- Imagine seven Boeing 747 aircraft packed with African kids crashing every single day of the year. That is malaria.
- For every 10 drugs on the market, 8 were developed for diseases affecting the wealthiest 20% of the global population. For severe malaria there’s only a handful.
- In June, the Access to Medicine Foundation will present it’s new global analysis: ‘4.8 billion people have access to medicines, 2 billion go without’. 
- More products have been developed to rid your dog of fleas than were ever developed against malaria, which infects every 13th person on the planet each year.
- 3,300,000,000 people are at risk of being infected with malaria when they go to sleep tonight. On 40% of the planet’s surface.
- Coca cola is for sale in the remotest corners of the African continent. Bednets aren’t. Something has gone horribly wrong somewhere.
These are not pleasant facts, but remain the harsh reality in a world now in its tenth year after committing to the millennium development goals. When was the last time you heard about malaria? Two recent stories became world news: The US company Intellectual Ventures presented a laser canon for shooting down mosquitoes as they approach sleepers. ‘Star Wars against malaria’ was twittered to millions. Last week it was the genetic engineering of malaria mosquitoes that would not make you sick but instead ‘vaccinate’ you against the disease. ‘Flying syringes against a deadly foe’. These stories bring malaria to the forefront but deliver false hope to millions suffering from it. When I challenged Intellectual Ventures to test their technology in Africa they remained silent. Vaccinating people without them giving informed consent counters a basic human right. It will be hard to tell mosquitoes that you don’t want their bite. And imagine three laser beams, lenses and computer equipment around an African hut zapping bugs at night. The fate of this invention will follow that of the real US star wars programme that former president Reagan launched in the 1980s. It will end in a drawer.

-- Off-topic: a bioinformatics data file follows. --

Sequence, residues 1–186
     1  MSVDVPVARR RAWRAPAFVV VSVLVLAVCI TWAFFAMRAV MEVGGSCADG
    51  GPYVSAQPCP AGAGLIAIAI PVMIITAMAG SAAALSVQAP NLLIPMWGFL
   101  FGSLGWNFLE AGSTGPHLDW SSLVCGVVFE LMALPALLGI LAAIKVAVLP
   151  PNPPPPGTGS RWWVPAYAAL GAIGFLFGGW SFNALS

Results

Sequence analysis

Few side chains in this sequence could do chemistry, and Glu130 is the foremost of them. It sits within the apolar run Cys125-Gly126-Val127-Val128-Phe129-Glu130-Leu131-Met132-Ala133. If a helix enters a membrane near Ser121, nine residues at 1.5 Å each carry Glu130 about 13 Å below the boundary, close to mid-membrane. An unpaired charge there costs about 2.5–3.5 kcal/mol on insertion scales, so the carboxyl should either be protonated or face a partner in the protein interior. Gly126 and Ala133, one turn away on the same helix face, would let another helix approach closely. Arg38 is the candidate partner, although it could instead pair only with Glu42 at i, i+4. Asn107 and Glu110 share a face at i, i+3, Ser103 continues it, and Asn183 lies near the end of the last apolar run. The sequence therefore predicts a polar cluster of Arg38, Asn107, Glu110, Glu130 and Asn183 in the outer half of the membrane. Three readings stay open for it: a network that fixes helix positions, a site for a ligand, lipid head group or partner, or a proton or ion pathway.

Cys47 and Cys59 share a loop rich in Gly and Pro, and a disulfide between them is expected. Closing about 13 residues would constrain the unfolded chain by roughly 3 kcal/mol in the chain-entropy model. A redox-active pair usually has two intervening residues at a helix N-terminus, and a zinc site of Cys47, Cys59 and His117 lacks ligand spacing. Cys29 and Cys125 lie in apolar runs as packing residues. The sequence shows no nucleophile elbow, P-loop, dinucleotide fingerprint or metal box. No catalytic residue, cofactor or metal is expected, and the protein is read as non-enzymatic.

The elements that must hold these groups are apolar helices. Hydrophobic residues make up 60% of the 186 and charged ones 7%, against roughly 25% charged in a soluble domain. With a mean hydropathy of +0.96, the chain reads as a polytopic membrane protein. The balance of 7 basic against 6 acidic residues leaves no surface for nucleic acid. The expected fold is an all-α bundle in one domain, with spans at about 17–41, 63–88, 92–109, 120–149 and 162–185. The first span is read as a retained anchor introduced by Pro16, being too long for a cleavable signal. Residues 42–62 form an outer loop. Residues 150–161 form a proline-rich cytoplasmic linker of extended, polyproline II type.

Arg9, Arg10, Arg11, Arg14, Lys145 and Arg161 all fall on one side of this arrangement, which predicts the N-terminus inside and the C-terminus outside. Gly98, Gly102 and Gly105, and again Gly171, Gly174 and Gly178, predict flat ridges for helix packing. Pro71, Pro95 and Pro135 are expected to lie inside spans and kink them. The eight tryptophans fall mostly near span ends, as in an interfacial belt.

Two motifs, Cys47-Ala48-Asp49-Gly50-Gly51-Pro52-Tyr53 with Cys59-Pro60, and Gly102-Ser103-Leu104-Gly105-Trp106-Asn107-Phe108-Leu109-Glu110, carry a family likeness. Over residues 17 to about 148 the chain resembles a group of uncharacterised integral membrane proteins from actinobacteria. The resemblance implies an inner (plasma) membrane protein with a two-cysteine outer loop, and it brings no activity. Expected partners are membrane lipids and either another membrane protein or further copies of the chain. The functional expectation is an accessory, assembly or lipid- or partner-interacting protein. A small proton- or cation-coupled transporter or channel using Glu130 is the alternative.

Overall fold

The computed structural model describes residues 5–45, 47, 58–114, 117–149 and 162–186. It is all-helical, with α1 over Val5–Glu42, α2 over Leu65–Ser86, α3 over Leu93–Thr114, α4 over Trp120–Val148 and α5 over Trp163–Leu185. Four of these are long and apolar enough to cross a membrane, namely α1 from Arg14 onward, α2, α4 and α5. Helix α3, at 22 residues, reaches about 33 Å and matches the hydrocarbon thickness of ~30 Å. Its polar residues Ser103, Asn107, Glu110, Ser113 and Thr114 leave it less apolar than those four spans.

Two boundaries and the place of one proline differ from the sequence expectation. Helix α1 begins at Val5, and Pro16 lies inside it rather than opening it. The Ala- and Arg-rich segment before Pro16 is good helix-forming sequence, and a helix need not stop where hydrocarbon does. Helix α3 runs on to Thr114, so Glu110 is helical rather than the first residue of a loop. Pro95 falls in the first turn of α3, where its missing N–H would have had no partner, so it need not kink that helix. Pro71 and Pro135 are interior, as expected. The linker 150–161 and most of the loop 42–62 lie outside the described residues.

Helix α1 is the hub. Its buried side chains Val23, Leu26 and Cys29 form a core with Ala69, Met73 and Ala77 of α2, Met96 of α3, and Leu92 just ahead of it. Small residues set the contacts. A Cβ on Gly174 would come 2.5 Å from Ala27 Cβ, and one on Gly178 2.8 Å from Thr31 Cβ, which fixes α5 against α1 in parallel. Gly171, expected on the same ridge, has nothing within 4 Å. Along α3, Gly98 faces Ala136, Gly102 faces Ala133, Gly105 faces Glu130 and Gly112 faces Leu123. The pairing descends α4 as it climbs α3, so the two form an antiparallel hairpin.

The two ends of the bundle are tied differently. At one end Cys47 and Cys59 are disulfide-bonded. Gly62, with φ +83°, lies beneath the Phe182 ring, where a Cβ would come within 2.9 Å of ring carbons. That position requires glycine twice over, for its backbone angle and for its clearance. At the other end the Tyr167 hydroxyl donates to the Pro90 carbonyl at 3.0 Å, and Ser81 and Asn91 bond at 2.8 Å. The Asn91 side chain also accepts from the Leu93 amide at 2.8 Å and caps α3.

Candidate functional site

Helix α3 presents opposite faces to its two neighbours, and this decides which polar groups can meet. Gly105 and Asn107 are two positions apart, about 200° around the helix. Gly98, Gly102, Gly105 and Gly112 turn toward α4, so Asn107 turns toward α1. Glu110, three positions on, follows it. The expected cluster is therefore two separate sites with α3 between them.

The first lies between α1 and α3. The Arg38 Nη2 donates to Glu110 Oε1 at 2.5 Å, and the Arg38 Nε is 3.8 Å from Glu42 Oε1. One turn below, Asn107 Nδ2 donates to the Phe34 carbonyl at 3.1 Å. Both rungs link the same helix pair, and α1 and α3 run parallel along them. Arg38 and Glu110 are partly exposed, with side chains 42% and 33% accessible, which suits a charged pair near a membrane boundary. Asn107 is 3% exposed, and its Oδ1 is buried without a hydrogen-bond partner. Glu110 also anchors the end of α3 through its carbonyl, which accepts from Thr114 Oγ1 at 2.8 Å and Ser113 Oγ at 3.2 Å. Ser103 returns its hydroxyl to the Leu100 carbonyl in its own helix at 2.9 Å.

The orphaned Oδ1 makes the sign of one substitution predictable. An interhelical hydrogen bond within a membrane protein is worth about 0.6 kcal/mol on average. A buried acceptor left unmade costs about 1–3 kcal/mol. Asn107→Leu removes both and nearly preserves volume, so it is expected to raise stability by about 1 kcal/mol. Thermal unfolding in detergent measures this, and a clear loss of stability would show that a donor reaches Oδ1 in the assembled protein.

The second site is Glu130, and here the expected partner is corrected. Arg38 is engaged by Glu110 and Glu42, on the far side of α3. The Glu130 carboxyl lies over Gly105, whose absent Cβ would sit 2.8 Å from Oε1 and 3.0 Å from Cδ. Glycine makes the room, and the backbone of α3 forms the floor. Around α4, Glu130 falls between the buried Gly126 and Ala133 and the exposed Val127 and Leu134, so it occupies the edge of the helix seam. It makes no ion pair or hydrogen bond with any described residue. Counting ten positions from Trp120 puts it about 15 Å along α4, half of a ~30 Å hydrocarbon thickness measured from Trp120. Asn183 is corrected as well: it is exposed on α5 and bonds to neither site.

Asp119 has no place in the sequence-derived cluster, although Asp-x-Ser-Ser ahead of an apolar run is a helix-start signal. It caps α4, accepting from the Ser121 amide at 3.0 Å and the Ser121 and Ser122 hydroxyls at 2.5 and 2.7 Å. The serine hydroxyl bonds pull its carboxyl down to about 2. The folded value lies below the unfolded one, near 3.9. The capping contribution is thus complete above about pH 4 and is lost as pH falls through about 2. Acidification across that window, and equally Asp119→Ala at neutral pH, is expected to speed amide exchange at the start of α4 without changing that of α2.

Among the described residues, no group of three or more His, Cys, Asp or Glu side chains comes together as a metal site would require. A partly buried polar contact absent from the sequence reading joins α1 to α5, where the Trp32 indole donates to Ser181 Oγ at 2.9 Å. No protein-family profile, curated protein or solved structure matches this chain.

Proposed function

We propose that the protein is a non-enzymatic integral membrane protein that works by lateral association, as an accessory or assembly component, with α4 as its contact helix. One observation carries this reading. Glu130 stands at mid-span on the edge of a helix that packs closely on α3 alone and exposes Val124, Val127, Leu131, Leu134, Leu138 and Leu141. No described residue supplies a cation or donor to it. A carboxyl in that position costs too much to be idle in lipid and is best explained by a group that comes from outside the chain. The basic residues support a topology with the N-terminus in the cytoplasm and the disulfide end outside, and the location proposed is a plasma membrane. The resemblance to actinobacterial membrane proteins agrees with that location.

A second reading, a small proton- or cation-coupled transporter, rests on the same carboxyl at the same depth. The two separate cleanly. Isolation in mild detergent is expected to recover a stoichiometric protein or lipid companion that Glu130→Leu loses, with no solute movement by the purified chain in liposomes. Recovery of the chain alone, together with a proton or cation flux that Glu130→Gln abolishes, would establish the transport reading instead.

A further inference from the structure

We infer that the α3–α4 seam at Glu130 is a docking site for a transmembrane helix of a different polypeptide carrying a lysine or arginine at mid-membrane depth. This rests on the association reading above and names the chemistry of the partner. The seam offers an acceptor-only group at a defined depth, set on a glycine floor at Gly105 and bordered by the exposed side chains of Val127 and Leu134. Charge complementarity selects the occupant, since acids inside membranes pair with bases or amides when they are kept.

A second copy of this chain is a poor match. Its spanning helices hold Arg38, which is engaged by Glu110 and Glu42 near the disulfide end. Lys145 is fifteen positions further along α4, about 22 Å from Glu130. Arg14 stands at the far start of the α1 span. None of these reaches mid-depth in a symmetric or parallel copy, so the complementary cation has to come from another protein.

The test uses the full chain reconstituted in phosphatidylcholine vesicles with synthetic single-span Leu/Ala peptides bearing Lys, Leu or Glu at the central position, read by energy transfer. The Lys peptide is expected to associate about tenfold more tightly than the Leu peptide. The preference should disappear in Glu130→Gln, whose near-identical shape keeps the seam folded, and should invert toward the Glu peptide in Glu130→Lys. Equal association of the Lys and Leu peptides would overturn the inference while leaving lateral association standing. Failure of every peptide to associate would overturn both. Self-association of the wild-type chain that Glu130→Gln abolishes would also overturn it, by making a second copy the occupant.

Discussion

Bringing malaria to the forefront in the international news arena is a challenge. It’s a disease of massive importance, yet only becomes interesting if eye-opening inventions are published. But hope may be on the horizon.
Last week the UN Special Envoy for Malaria, Ray Chambers, enlisted social media in the fight against malaria. High-profile internet users have pledged support and will start using twitter and other media outlets to raise awareness about malaria. It is now up to the likes of CNN host Larry King, co-founder of Twitter Biz Stone, and Facebook’s Randi Zuckerberg to open the world’s eyes. Chronic news to fight a chronic disease. If they will succeed in thrusting their celebrity status to the level where their tweets on malaria will reach us all with the same impact as the Haiti earthquake remains to be seen.